Phytoplankton are important primary producers in the marine food web. They are microscopic, single-celled organisms that float freely in the ocean. They rely on energy from the sun for photosynthesis and are therefore most commonly found less than 100 metres below the surface. Phytoplankton are eaten by zooplankton. These are diatoms, under the microscope. Diatoms are one of the most common types of phytoplankton.

    © Public domain

    Zooplankton

    Zooplankton are a large, diverse group of organisms that live in the water column. Unlike most phytoplankton, they live at all depths, from the surface to the bottom. They come in many different shapes and sizes, and as the primary herbivores in the marine food web, they provide an important link between the primary producers and the carnivores.

    © Public domain

    The sun

    Primary producers convert the Sun’s energy into food through photosynthesis. Almost all the energy used by marine organisms to make food comes from the Sun.

    © Jan Gerrit Siesling, licenced through 123RF limited

    Crabs

    Stalk-eyed mud crabs are endemic to New Zealand.  They live mostly in the low-tide zone and cannot survive out of the water for more than 8 hours. They feed on the nutritious mud that they live in. Crabs are a popular food source for many fish, stingrays and seabirds. Pictured is the New Zealand half crab, Petrolisthes elongates.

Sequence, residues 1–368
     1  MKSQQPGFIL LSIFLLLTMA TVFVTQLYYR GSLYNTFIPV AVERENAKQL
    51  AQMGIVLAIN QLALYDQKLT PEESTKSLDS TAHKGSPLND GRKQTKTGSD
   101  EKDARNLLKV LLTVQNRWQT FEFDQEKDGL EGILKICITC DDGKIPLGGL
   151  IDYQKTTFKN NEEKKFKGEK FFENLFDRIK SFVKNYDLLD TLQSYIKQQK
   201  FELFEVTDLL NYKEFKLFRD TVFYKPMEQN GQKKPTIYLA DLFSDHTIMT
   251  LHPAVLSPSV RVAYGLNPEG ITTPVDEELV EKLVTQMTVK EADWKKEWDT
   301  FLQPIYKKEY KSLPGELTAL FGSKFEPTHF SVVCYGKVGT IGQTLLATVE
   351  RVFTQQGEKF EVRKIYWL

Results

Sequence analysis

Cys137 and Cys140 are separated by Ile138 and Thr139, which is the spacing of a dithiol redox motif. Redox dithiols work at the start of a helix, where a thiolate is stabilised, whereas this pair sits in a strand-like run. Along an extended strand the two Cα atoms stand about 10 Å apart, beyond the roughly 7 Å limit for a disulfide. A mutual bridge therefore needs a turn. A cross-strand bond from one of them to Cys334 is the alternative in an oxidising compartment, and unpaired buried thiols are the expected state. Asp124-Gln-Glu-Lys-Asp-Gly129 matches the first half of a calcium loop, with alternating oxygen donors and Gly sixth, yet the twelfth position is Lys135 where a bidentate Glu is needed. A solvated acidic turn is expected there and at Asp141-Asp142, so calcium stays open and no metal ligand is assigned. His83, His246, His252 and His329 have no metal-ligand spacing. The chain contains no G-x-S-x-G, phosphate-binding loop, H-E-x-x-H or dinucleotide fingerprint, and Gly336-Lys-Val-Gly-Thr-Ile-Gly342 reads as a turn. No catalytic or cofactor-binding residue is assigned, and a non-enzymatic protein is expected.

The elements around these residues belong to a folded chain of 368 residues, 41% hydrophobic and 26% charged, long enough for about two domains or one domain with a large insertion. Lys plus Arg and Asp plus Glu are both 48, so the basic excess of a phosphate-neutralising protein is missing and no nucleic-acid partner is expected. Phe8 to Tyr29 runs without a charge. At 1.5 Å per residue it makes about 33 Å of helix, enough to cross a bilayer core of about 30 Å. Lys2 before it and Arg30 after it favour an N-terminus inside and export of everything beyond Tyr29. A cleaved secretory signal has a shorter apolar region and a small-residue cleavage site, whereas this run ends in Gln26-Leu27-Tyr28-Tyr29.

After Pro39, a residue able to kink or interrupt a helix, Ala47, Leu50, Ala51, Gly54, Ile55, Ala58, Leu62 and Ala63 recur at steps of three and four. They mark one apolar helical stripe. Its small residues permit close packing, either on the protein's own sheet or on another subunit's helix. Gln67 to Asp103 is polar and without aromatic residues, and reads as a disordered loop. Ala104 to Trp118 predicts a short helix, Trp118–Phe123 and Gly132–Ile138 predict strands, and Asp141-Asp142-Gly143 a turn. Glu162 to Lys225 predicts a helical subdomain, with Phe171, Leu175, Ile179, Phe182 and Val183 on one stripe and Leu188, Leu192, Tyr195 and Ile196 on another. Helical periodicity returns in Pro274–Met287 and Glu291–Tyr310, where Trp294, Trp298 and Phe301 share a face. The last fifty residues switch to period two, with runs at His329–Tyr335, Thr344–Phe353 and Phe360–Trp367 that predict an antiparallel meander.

© Public domain

    Red Cod

    Red cod are normally found at depths of 100–300 metres and eat crabs, shrimps and small fish. They normally reach about 40–70 cm in length and are an important commercial species. (You may have had some at your local fish and chip shop!) Their catch is managed by fishing quotas but there is some concern that the fishing method (trawling) used to catch red cod is putting endangered species, such as the Hector’s dolphin, at risk.

    © Seafood Industry Council, New Zealand

    Arrow Squid

    Arrow squid are mostly nocturnal and feed on crustaceans, small fish and sometimes other squid. They are an important food source for the endangered yellow-eyed penguin and for a number of diving birds and large fish. They are an important species for commercial fishing companies in New Zealand. This is a dorsal and ventral view of the New Zealand Arrow squid, Nototodarus sloanii.

    © Darren Stevens, NIWA, Creative Commons 1.0

    Seaweed

    Seaweed is a type of algae and is normally grouped by colour – green, red or brown. Seaweed is a primary producer and an important source of nutrients and energy in the marine food web.  Seaweed generally grows in clusters called ‘beds’, and these provide an important source of shelter for many marine species, including mussels.

    © Stef Maruch, Creative Commons 2.0

    Rights: University of Waikato Published 17 September 2009, Updated 8 May 2017 Size: 370 KB Referencing Hub media